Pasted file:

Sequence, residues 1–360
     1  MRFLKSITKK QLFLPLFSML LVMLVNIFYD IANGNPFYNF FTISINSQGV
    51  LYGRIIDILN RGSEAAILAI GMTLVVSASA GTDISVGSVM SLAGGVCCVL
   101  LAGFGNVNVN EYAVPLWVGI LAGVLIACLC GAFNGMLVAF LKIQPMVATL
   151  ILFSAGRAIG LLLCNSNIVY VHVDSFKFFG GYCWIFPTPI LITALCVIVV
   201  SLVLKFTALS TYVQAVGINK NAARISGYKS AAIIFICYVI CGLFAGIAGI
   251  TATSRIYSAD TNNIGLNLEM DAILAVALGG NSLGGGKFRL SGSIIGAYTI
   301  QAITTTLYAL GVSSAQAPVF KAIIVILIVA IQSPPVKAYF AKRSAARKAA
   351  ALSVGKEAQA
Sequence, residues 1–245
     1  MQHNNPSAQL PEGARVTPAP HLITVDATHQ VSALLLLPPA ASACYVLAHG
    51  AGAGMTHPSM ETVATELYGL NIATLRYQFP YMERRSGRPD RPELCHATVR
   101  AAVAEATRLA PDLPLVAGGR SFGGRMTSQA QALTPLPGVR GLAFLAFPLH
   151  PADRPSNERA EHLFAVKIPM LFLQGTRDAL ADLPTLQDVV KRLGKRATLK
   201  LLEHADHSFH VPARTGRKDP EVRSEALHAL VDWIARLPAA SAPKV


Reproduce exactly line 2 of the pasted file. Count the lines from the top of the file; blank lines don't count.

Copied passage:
     1  MRFLKSITKK QLFLPLFSML LVMLVNIFYD IANGNPFYNF FTISINSQGV